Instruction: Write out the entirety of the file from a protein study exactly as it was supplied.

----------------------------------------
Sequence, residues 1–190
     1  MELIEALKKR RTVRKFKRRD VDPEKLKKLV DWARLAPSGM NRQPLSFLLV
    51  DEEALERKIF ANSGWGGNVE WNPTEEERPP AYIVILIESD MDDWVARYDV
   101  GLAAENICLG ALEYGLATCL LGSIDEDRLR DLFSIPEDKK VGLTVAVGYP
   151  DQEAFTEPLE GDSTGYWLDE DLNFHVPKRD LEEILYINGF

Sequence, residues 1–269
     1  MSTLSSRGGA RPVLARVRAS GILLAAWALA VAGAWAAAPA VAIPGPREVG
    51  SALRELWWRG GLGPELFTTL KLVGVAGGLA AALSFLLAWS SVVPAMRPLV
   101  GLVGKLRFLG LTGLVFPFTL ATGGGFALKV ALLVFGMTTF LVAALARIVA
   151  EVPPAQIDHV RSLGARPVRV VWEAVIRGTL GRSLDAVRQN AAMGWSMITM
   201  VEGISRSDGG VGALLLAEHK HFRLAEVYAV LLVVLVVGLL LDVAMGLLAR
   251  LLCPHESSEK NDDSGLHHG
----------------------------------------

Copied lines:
Sequence, residues 1–190
     1  MELIEALKKR RTVRKFKRRD VDPEKLKKLV DWARLAPSGM NRQPLSFLLV
    51  DEEALERKIF ANSGWGGNVE WNPTEEERPP AYIVILIESD MDDWVARYDV
   101  GLAAENICLG ALEYGLATCL LGSIDEDRLR DLFSIPEDKK VGLTVAVGYP
   151  DQEAFTEPLE GDSTGYWLDE DLNFHVPKRD LEEILYINGF

Sequence, residues 1–269
     1  MSTLSSRGGA RPVLARVRAS GILLAAWALA VAGAWAAAPA VAIPGPREVG
    51  SALRELWWRG GLGPELFTTL KLVGVAGGLA AALSFLLAWS SVVPAMRPLV
   101  GLVGKLRFLG LTGLVFPFTL ATGGGFALKV ALLVFGMTTF LVAALARIVA
   151  EVPPAQIDHV RSLGARPVRV VWEAVIRGTL GRSLDAVRQN AAMGWSMITM
   201  VEGISRSDGG VGALLLAEHK HFRLAEVYAV LLVVLVVGLL LDVAMGLLAR
   251  LLCPHESSEK NDDSGLHHG